Continued attacks in Europe: journalists need protection from violence

[05/06/12 10:00] Journalism is a dangerous profession, including in Europe. Since the beginning of this year, journalists have suffered physical attacks in Azerbaijan on a number of occasions, France, Germany, Greece, Italy, Latvia, Moldova, Montenegro, Romania and Russia. Governments should treat violence against journalists with the utmost seriousness, as such attacks aim at the core of our democracies.

Often, the perpetrators of the attacks are unknown assailants, usually several masked men, but sometimes they have been riot police or state sponsored security guards.

What were these journalist-victims reporting on? In Azerbaijan, the story was the demolition of houses and evictions of residents for government sponsored urban redevelopment. In Romania and Russia, it was anti-government demonstrations. In France and Germany, it was Turkish-language media outlets reporting on the Kurdish minority in Turkey. In Italy, it was stories focusing on Mafia affairs. In Montenegro, it was a journalist probing shady dealings in a tobacco plant.

The attackers knew that their victims were journalists, who were sometimes wearing press badges or held cameras in their hands. In another case, the perpetrators mentioned the employer of the journalist as they beat him. In Latvia, in a brutally symbolic move, the assailants put a knife in the journalist’s mouth and sliced his cheek, grossly disfiguring him.

Attacks on journalists = censorship

Attacks on journalists are not like many other assaults, where the motive is frequently materialistic or racism. These are political attacks. As the OSCE Representative on Freedom of the Media, Dunja Mijatovic´, has recently written, “violence against journalists [..] remains a special category of crime, as it is a direct attack on society and democracy itself”.

Violence or threats of violence against journalists are intended to shut them up and make them stop doing their job, which can involve exposing corruption, abuse of power or discrimination against various minorities. Media freedom is the lifeblood of a democracy, as it is an essential prerequisite for other freedoms as well, such as freedom of association or assembly. Those of us who witnessed the end of the Soviet Union remember well how glasnost’ or increased openness and media liberalisation opened the floodgates for the emergence of civil society and political pluralism.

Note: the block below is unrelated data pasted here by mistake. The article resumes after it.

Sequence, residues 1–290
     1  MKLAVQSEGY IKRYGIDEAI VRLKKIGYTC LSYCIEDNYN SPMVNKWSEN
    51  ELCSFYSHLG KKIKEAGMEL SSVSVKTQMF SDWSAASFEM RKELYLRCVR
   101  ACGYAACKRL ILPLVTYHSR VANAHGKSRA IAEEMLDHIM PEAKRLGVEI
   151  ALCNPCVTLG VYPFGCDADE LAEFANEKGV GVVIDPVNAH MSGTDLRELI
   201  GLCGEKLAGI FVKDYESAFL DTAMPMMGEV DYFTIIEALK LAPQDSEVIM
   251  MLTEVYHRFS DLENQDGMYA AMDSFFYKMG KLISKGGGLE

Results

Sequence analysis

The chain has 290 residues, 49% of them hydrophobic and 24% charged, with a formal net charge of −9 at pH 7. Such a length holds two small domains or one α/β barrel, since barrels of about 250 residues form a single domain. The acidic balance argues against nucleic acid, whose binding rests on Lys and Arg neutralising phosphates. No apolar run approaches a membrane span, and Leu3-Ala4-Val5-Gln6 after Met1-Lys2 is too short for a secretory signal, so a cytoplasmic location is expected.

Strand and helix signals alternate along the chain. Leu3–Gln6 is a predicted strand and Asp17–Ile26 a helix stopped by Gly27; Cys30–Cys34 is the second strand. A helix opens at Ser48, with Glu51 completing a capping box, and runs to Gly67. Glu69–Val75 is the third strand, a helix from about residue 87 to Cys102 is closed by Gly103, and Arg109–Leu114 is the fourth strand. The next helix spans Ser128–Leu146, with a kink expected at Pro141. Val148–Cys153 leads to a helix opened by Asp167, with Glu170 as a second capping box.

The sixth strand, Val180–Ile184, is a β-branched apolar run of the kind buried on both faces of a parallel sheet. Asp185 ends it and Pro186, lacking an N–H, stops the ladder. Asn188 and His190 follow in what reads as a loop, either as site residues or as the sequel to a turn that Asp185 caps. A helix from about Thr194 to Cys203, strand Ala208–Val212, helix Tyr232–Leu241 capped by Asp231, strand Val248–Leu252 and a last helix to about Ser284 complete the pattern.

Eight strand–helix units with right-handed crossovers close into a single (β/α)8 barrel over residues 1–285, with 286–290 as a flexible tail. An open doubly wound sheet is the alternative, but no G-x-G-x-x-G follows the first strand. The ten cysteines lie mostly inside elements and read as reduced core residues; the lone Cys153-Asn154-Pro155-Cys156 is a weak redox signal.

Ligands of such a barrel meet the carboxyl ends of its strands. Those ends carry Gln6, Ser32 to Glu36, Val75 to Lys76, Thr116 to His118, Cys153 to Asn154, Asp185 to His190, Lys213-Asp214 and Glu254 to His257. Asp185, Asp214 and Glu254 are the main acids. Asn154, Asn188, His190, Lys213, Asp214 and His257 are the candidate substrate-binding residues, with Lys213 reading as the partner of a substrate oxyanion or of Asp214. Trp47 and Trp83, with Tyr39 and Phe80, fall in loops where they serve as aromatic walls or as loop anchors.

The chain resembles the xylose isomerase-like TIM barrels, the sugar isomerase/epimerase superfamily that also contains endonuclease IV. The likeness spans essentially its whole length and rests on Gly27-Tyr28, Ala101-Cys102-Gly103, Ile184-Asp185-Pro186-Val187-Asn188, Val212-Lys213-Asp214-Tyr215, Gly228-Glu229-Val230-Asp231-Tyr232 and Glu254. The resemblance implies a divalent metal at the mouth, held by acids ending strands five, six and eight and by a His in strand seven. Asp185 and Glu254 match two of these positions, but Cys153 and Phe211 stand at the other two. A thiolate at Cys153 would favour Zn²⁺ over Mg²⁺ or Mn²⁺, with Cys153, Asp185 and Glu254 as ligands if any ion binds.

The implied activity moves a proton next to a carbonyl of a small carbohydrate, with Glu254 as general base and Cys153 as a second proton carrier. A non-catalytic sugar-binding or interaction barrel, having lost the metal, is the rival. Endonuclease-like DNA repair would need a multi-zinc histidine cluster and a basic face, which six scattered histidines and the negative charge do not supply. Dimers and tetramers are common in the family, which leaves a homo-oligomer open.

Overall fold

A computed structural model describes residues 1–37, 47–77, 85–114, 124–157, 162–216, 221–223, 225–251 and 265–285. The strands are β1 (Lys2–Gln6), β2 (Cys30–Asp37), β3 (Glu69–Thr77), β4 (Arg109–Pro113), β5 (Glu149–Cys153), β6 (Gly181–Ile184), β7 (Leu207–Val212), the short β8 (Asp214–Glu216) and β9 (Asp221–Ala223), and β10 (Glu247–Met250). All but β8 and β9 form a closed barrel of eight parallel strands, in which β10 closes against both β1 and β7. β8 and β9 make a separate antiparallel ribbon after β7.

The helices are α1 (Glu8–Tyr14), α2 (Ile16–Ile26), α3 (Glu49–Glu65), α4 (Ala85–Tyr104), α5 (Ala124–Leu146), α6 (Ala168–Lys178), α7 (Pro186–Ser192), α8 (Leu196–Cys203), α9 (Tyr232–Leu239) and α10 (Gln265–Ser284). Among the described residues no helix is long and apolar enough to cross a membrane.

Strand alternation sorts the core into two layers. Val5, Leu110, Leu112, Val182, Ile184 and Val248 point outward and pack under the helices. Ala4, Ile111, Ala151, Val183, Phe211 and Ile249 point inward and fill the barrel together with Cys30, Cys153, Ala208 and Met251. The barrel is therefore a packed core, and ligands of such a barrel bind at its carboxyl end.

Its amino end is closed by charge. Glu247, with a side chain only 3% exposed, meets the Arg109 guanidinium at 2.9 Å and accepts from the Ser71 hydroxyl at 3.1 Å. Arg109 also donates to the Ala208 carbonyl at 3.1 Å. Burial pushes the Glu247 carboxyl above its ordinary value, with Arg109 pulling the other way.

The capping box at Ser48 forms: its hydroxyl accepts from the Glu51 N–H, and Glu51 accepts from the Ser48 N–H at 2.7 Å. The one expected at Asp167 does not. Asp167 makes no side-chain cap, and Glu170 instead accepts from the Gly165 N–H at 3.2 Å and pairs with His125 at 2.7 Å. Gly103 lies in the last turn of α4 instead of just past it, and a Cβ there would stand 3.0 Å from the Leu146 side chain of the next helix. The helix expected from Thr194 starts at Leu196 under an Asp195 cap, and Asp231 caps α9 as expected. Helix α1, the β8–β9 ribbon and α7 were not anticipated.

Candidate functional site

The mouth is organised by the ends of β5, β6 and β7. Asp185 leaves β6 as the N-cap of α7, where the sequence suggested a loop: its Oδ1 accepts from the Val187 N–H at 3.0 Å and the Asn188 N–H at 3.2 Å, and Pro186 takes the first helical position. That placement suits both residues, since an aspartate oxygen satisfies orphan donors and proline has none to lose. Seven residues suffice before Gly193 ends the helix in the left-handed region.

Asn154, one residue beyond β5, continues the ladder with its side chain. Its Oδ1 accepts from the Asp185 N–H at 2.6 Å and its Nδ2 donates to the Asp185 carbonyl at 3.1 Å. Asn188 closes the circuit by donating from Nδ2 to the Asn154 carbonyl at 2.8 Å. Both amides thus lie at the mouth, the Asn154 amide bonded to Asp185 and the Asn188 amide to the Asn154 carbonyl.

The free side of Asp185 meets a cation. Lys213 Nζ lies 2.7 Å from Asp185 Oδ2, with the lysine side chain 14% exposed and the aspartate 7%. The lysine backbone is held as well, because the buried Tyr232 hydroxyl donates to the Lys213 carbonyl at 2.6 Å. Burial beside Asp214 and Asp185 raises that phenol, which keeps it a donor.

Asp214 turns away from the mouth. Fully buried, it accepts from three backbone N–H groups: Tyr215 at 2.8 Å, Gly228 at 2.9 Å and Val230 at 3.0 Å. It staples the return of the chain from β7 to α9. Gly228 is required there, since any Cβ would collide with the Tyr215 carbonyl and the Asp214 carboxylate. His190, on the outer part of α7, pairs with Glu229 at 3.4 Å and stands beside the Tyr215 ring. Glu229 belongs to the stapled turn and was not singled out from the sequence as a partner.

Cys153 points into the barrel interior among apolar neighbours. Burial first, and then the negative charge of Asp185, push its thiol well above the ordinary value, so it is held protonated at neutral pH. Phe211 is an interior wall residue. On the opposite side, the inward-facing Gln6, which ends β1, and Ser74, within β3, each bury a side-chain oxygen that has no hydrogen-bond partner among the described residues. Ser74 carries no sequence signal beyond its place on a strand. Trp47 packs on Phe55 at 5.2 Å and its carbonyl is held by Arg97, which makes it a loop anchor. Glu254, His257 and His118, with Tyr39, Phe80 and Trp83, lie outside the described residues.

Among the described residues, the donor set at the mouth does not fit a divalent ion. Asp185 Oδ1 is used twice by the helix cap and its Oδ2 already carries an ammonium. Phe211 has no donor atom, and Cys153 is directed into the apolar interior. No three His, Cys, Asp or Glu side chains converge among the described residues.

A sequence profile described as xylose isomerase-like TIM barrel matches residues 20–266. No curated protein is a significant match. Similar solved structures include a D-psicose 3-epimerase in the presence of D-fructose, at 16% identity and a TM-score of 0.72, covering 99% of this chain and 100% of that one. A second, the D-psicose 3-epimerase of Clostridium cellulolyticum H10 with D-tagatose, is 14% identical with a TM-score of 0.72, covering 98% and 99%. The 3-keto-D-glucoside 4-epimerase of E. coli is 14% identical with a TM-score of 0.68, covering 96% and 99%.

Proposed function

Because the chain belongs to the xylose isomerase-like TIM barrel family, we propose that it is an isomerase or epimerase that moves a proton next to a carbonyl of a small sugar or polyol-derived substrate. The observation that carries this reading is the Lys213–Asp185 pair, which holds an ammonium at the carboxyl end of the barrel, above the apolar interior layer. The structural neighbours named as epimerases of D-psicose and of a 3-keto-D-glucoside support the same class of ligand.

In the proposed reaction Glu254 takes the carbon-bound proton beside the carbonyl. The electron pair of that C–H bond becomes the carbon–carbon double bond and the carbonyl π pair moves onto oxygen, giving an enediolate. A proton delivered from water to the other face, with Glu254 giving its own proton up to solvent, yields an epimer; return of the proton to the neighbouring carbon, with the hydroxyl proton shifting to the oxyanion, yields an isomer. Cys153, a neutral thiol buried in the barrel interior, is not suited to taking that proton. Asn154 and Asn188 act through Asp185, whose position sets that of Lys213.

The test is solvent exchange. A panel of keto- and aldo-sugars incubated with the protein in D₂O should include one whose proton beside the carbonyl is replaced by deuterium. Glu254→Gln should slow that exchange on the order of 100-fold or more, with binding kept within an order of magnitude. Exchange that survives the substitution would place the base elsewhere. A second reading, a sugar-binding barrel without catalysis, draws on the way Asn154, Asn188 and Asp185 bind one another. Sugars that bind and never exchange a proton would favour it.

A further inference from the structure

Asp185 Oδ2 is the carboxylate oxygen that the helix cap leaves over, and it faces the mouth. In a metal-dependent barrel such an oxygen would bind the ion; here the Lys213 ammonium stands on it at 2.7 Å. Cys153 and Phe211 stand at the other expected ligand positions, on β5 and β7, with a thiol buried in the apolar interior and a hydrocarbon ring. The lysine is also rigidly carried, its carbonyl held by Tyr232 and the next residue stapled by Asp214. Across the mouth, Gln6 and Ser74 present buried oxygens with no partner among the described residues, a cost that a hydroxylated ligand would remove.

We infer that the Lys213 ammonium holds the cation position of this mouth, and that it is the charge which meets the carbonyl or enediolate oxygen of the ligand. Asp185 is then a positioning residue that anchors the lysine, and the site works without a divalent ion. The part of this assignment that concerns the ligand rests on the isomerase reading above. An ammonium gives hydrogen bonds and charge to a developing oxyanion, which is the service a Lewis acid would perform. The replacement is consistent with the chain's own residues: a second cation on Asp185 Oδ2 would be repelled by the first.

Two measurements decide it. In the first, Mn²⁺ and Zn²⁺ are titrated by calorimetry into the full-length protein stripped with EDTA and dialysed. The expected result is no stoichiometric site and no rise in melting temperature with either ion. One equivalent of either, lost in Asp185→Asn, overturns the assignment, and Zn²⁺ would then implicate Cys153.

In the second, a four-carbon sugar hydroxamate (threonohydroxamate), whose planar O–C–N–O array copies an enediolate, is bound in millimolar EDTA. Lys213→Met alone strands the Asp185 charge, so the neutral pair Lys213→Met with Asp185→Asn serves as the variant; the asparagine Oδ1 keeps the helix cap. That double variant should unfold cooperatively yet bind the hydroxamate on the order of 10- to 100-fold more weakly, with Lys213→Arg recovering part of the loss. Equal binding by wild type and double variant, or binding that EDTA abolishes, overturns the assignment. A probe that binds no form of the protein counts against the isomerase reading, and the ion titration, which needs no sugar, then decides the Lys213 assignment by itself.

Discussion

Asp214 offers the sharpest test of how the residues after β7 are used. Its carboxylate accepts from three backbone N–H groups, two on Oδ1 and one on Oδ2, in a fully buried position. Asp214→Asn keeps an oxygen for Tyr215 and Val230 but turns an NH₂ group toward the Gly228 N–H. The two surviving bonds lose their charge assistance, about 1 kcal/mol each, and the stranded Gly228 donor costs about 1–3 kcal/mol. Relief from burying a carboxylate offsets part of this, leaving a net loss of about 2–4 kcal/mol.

In a recent guidebook on the safety of journalists by the OSCE, it is stressed that “physical attacks and threats of violence or harm against journalists and members of their family represent an extreme form of censorship”. Thus, even if a government does not engage in “old-fashioned” censorship by screening and filtering media content, it can be involved in censorship if it does not take sufficient steps to combat violence against journalists. Impunity encourages repetition, which can be extremely damaging to free expression.

What governments should do

Governments and politicians need to signal very strongly that such attacks are unacceptable and will not go unpunished. They need to initiate prompt, thorough and transparent investigations and bring perpetrators to justice, where punishments should reflect the seriousness of this crime. If journalists have been threatened, the authorities should act quickly to protect them. Moreover, the authorities should promote cooperation between police and journalists.

As the Dink v. Turkey judgment of the European Court of Human Rights made clear, states have a positive obligation to create a favourable environment for journalists to express their opinions without fear, no matter how uncomfortable those opinions may sometimes be to those with economic, cultural or political power.

As yet, no journalists have been killed in the member states of the Council of Europe in 2012. It is my sincere hope that, unlike previous years, this will still be the case at the end of this year. A first step is for governments to treat violence targeting journalists as attacks against the core of our democracies.

Nils Muižnieks

Further reading: Positive obligations on member States under Article 10 to protect journalists and prevent impunity. Research report from The European Court of Human Rights.